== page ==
Barefoot Running – Be Sure to Have the Right Shoes

Stefan here, I’m one half of Berkeley Square Barbarian. I enjoy running. Always did. Always will. I want to be buried with my running shoes on.

With no athletic ambition to beat a personal best (I ran the London Marathon in over five hours and often take nearly two hours for a half), mainly because it’s so much joy, clears the mind, allows you to be outdoors and explore your surroundings. The more mileage I put on, the more also with a view of staying fit and healthy.

feet clip

From the age of twenty onwards, and with interruptions of up to a year here and there, I usually did at least three or four 10k runs per week in my spare time and literally couldn’t imagine life without it.

However, a few years ago I started to struggle with severe back pain, so bad that I sometimes found it hard to sit or walk or sleep. For a year my wife and I didn’t realise that the pain was caused by the running. Something that was supposed to be healthy had caused enormous harm and discomfort.


And then, it was a few days before my birthday, this happened. Following a casual conversation involving me telling my lovely wife, who is running this blog with me now, how friends at uni used to mock me for my bad body posture and ‘lolloping like a kangaroo, she quietly came up with the most brilliantest gift: a five-hour one-on-one training course in Battersea Park with a professional barefoot running trainer.

I’ve not had back pain since. Well, it took a few months for the pain to go away, but then it was gone for good and I’m now even occasionally commended by fitness trainers, friends, and complete strangers in the street for my body posture, not just when running, but in everyday life, which mostly feels good, but sometimes also quite awkward. Rarely, but it happens, I’m also being told that my posture looks ‘strange’. Never mind.


Barefoot running, also called pilates, pose, or natural running, each with a significantly different connotation and different associated techniques, is all about not using cushioned shoes and reducing the break force impact on your feet, spine, joints, and about a more natural way of running, more closely aligned to the needs of the human body, and usually with a view to long-distance running.

It usually does not involve running without shoes, this would be dangerous in city and many outdoors environments, but running with un-cushioned shoes. Often these purpose-made shoes have a sole so thin that you feel every pebble. You can get reasonable ones for no more than £40 a pair.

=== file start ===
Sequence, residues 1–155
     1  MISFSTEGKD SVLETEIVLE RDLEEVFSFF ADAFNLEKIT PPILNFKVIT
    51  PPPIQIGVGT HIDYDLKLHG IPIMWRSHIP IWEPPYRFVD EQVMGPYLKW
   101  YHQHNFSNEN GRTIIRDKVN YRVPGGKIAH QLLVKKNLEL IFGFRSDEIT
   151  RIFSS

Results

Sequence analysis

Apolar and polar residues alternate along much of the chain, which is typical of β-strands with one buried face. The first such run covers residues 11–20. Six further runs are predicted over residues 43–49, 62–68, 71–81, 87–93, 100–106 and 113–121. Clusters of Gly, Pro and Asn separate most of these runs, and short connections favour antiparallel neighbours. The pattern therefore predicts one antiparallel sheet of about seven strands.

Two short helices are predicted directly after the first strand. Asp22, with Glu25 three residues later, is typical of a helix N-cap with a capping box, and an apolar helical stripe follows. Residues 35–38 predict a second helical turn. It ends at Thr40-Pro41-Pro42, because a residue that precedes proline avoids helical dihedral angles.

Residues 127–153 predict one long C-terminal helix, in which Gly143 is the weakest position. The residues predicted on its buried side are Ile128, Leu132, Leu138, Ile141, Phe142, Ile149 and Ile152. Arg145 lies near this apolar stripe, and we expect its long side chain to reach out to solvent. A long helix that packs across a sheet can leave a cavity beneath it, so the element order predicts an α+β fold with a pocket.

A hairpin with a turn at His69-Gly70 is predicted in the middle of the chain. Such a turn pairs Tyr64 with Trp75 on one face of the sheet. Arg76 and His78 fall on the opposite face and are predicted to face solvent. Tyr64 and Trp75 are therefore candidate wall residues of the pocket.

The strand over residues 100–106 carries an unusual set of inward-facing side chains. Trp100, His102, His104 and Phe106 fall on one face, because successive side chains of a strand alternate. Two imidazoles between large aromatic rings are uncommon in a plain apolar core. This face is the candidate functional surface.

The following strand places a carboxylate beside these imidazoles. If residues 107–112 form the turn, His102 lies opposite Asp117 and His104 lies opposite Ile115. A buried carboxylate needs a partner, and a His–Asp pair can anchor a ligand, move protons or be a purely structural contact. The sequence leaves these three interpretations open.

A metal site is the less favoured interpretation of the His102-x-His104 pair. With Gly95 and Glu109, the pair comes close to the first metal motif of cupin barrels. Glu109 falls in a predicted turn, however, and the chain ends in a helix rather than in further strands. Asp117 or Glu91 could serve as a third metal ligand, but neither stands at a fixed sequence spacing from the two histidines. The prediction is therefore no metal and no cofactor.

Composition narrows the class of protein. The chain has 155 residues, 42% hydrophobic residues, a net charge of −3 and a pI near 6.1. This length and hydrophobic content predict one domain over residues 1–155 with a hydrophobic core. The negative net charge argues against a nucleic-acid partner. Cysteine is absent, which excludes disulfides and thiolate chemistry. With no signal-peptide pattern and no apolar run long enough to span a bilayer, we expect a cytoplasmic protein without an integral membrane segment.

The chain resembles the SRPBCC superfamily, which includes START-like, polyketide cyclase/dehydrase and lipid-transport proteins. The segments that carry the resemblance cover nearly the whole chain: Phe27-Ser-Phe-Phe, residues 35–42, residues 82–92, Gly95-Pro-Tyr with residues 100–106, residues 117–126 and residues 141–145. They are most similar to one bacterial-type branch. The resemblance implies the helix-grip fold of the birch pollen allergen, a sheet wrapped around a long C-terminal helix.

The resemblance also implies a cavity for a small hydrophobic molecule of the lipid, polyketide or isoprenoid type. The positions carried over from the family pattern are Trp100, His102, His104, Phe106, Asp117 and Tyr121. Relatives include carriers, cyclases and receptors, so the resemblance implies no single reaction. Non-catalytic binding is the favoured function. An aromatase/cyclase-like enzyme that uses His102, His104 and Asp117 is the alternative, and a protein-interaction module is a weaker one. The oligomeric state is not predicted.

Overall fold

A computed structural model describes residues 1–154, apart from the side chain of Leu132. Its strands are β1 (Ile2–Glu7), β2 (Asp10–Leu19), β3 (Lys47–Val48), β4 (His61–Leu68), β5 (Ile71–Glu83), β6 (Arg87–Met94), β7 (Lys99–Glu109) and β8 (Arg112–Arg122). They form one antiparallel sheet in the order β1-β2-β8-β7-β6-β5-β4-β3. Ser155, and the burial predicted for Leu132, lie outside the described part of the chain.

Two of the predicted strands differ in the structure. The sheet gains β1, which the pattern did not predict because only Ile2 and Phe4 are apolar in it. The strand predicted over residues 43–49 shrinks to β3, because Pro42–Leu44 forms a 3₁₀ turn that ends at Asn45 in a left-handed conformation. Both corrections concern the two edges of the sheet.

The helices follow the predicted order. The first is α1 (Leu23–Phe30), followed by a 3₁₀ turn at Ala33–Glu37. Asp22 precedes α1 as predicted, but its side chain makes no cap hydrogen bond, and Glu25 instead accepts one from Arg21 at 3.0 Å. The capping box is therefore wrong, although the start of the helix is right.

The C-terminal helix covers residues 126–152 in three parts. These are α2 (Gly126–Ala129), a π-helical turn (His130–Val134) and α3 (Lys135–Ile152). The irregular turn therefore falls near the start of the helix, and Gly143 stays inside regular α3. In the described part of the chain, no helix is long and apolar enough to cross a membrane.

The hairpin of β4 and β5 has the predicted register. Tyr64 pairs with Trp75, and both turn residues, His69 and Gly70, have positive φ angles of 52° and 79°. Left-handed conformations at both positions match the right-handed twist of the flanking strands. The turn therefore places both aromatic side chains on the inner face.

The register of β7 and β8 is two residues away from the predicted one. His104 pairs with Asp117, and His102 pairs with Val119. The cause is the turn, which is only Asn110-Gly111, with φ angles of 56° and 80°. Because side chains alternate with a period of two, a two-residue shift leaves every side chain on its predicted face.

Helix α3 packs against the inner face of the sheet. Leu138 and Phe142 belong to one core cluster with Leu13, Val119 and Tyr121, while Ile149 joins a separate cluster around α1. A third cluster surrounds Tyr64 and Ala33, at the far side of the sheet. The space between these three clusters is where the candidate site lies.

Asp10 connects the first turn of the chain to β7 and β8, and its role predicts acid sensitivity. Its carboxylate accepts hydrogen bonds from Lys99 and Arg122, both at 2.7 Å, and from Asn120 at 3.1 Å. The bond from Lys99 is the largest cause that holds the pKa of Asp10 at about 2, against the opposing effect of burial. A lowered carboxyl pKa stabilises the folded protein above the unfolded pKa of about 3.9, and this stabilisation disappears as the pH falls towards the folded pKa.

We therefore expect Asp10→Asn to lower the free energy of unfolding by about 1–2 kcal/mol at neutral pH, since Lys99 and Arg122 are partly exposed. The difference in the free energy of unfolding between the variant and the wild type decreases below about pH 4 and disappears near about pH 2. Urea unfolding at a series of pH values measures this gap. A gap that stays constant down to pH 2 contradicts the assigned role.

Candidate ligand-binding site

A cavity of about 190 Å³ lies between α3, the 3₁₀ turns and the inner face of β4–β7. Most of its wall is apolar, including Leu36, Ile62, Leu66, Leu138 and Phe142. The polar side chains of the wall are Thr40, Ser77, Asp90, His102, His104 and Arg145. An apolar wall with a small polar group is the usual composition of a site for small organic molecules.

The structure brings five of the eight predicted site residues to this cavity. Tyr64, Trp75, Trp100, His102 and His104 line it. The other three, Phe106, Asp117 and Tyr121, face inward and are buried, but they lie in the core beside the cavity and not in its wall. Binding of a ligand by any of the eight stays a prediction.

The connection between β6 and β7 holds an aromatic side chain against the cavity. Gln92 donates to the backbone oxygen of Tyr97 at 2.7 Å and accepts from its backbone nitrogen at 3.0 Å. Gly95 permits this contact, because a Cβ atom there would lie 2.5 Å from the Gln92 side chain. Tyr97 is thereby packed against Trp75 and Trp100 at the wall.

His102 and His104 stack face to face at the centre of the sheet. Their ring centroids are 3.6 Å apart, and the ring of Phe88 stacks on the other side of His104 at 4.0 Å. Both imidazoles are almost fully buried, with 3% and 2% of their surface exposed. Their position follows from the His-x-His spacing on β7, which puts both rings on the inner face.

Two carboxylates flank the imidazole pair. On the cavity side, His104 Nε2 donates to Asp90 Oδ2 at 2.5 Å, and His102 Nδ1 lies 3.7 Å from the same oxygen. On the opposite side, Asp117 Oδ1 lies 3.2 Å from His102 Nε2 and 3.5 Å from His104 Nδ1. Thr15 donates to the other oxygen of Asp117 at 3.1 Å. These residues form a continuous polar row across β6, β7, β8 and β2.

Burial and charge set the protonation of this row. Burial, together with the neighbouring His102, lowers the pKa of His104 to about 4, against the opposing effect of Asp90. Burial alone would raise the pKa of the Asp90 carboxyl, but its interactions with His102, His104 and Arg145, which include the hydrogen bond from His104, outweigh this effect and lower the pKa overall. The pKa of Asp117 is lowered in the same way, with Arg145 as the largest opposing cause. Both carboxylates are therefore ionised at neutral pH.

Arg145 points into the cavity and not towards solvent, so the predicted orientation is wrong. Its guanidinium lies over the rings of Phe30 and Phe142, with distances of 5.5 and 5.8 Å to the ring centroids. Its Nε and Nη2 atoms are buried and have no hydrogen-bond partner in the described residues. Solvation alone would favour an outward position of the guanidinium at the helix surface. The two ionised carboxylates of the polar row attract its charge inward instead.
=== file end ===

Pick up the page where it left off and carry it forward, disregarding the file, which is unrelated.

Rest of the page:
feet i

In my view, the thinner the sole, the better, because you want to be able to ‘feel’ the ground. Barefoot running requires you to adjust your running style to the ground you’re running on (and to the speed and other aspects). The better you feel the ground, the easier for you to adjust your running-style. It often happens that you’ll want to adjust your running style for each step, for example if you’re outdoors and one step is onto the root of a tree, the next onto muddy ground, and the following few steps onto leafy dry ground with pebbles, and so on. Usually I do not adjust my running style that much over much longer periods, for example when running on sealed inner-city ground throughout the run, in which case it’s mainly adjusting for speed and when going up stairs or jumping off the sidewalk onto the street.

You don’t have any cushions on your shoes, so you’ll know immediately if you chose the wrong technique, because it’ll hurt. On the bright side: you’ll learn quickly. From what I hear from other barefoot running enthusiasts, it will take you years to perfect your personal choice of technique and you’ll still learn every day, but after running every other day for a few weeks you’ll quickly grow more confident and be more comfortable.

It is important not to overdo it, to start with small steps, and to combine it with lots of exercise. Your body is not used to these completely different pressures and requirements. Your feet will be too weak to barefoot run (without risk of injury) for more than ten minutes in a row at the beginning.


I’d definitely say DO NOT START WITHOUT A PROFESSIONAL TRAINER and an individual training program you can set for yourself following the input you’ve received from the trainer. Group training once per week, aided by free youtube videos and a bit of reading up on the internet will set you back no more than £40 per month, it’ll be worth it. The risks of developing a harmful or hazardous barefoot running style are too big to try this on your own.

Even if you read this post up to here, some of you will probably be disappointed that I’m not providing any detail on the technique itself. This is for two reasons:

  • I’m an amateur, you don’t want to learn from someone like me, I wouldn’t.
  • There are so many different schools of thought, techniques, running gears, personal abilities, dispositions and preferences, you’ll have to find out what’s right for you.

Even after several years of barefoot running, I still find it hard on the feet and I vary my running styles and usually do a lot of barefoot running in barefoot running shoes, a bit of barefoot running in cushioned shoes (purists and many others will tell you this is nonsense, but it works for me), and a bit of old-style running in cushioned shoes. I never run without shoes.

It’s important to have the right shoes. I find that Vivobarefoot Evo Pure works for me (they don’t pay me for saying that, just to mention it), but there are many other manufacturers of high-quality shoes. I’d normally recommend the trainer I used, but he’s left the country for warmer climes and I’m currently not aware who’s providing good training in London, but there will be many.

feet drawing

Barefoot running is sexy.

I’d be very interested in your experience and I’m looking forward to your comments.

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